In our project, we offer you a job-related German course, the teaching of important basic education topics (maths, computer skills, excursions, sports) and practical training in our restaurants or in hotels.
The NiG project is carried out in cooperation with the Brillat-Savarin School, a vocational training centre for the hospitality industry. Vocational and practical German lessons take place two days a week at the OSZ Gastgewerbe and two days a week you take part in practical training in our restaurants at kiezküchen gmbh. Basic training also takes place at kiezküchen gmbh one day a week.
You can stay in the project for 3-12 months. We prepare you for the apprenticeship and arrange internships and apprenticeships in Berlin hotels and restaurants.
Participation is free of charge for you.
With an alert gaze and a friendly smile, Mohammad sits at a table in the stadionterrassen in the gloomy Berlin weather. “I am satisfied when I can help other people. If I have helped one person, I have already won.” Big, strong words – if you know Mohammad’s story, you understand that he is more than just a normal practical trainer in the NIG – New in Hospitality project. He is someone who really understands the fears, problems and needs of refugees coming to Germany.
Mohammad’s life story is rocky. Born to Afghan parents in Iran, he felt the harsh regime as a teenager. As a 16-year-old, he worked in security in Iran. The ban on continuing to attend school forced Mohammad, who wanted more for his life, to flee and thus take a hard step: away from Iran. Away from his parents.
Friends and acquaintances had already fled to Canada in 2015, and so the faraway country also became his destination. In the same year, he fled to Greece as a boat refugee. Several more countries and detentions, data collection, fingerprinting, blackmail and betrayal followed. Mohammad passed through Macedonia, Serbia, Hungary, Austria and finally Germany on foot – always with his destination in mind: Canada.
But it turned out differently: Mohammad knows people everywhere, many of whom he met on his flight in Greece.
An acquaintance advised him to register as a refugee in Berlin. Mohammad followed this advice. Another friend kept stressing that he needed to learn German. German, the language Mohammad describes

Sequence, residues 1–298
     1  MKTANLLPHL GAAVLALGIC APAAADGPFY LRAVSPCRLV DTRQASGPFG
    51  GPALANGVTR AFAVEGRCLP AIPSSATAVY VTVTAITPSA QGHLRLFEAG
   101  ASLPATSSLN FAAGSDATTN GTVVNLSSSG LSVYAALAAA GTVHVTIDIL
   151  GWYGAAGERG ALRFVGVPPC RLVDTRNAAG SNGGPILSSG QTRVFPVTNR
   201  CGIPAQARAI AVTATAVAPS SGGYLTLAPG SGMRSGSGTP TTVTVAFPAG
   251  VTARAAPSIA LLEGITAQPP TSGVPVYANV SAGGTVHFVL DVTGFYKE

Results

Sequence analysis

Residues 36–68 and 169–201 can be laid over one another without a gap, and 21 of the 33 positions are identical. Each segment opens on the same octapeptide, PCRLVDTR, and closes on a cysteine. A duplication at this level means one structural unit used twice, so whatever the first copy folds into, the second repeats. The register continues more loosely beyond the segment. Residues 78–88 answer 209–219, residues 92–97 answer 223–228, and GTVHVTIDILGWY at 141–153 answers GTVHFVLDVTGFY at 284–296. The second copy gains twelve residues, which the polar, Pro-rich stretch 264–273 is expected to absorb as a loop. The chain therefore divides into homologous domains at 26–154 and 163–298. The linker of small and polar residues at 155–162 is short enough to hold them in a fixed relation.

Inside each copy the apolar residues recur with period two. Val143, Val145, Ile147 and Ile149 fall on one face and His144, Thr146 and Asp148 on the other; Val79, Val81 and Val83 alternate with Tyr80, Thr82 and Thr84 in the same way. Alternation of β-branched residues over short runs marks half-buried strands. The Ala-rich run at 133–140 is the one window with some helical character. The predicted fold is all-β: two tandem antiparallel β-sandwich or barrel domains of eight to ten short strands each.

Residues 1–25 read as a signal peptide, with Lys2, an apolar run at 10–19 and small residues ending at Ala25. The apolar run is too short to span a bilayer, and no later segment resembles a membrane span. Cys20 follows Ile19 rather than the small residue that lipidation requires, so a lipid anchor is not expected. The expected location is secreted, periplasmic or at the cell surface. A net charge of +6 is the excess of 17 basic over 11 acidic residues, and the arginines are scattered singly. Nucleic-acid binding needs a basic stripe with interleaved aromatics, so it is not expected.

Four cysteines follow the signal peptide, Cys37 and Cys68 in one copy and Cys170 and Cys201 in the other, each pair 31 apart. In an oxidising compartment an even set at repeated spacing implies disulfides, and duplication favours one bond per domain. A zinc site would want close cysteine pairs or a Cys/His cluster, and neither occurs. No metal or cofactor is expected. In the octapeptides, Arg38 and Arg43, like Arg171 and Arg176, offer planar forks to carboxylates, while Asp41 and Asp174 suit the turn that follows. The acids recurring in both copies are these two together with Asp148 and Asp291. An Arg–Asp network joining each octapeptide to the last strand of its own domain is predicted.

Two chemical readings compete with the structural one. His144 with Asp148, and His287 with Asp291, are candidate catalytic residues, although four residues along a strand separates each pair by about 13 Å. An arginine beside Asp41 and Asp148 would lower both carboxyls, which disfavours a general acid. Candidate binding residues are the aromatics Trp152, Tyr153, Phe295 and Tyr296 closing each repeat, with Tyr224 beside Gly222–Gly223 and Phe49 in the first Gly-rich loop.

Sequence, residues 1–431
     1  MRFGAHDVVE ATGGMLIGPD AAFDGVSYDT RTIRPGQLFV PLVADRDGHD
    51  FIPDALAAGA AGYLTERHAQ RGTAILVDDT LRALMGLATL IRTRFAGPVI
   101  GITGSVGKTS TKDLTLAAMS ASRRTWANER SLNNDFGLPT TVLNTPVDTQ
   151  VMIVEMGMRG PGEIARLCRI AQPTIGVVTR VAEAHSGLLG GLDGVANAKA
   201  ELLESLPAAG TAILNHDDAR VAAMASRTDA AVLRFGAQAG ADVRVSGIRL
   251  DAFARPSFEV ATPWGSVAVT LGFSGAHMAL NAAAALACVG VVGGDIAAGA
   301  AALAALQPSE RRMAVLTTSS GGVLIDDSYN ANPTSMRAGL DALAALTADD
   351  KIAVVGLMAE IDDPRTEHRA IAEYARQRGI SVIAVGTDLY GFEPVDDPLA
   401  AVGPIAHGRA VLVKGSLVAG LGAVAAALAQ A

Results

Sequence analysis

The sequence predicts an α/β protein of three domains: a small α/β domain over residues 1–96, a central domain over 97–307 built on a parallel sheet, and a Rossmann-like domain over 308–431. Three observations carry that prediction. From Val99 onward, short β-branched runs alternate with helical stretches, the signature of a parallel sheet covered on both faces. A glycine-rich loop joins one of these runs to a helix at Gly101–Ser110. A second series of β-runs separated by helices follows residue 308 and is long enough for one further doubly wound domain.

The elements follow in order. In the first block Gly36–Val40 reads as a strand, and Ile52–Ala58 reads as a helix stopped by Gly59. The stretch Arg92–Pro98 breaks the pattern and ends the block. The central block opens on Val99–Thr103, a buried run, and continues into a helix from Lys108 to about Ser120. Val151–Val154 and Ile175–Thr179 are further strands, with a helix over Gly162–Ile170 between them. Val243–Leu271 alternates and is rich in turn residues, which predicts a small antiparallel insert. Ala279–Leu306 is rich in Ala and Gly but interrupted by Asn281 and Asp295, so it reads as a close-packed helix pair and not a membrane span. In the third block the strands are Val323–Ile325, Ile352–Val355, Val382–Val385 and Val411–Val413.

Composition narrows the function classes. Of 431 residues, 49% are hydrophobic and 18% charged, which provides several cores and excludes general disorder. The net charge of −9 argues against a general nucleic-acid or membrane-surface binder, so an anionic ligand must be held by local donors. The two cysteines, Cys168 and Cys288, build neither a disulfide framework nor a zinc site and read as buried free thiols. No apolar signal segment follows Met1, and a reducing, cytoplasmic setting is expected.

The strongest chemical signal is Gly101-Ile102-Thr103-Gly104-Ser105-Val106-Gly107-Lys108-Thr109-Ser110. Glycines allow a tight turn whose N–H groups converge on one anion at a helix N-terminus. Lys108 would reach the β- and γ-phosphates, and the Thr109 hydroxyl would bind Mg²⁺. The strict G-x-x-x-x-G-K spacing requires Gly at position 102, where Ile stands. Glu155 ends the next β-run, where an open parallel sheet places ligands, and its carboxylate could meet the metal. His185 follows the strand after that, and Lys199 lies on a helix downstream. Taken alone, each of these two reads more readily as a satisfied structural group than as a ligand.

as “without real letters” and “much too hard”. Nevertheless, he struggles. He learns German in his refugee accommodation in Charlottenburg. Even today, he speaks proudly about his German teacher, who taught him almost perfect German grammar.
In the refugee accommodation, he also comes into contact with the Hospitality project. This project helps refugees gain a foothold in the German labour market and places them in apprenticeships and jobs in Berlin hotels and restaurants. It also offers German courses and internships.
Mohammad also met Alexander Fourestié from kiezküchen during this combination of German course and internship. After several internships and entry-level qualifications in the kitchens of Berlin hotels, Mohammad will complete his training as a chef at the Marriott Hotel in autumn 2019. The idea to work as a practical trainer for the NIG project came from Alexander Fourestié . The project NiG – Neu im Gastgewerbe (New in the Hospitality Industry).
NiG – Neu im Gastgewerbe (New in the Hospitality Industry) supports young refugees with little knowledge of German who would like to complete an apprenticeship in the hospitality industry.
This project is more than a job for Mohammad. It is an affair of the heart. Mohammad says that although there are many projects and offers for refugees, they are “nameless” and “not practical enough”. “What is the point of learning grammar in theory and then standing in silence, cutting peppers, in the kitchen?”
NIG is different: here the participants get “what they need”. Support, encouragement and a targeted career perspective.
Mohammad is happy as a practical trainer and has also come to terms with Germany. He still feels homeless, but the happiness of having his own little family in Germany is evident in every word he says.
If someone had told him ten years ago that he would one day train to become a chef, he would not have believed it. Actually, he had always dreamed of becoming a pilot.
What is not, can still be, if someone shows so much ambition.
Consultant Tibor Ungerkiezküchen
gastronomy & education centre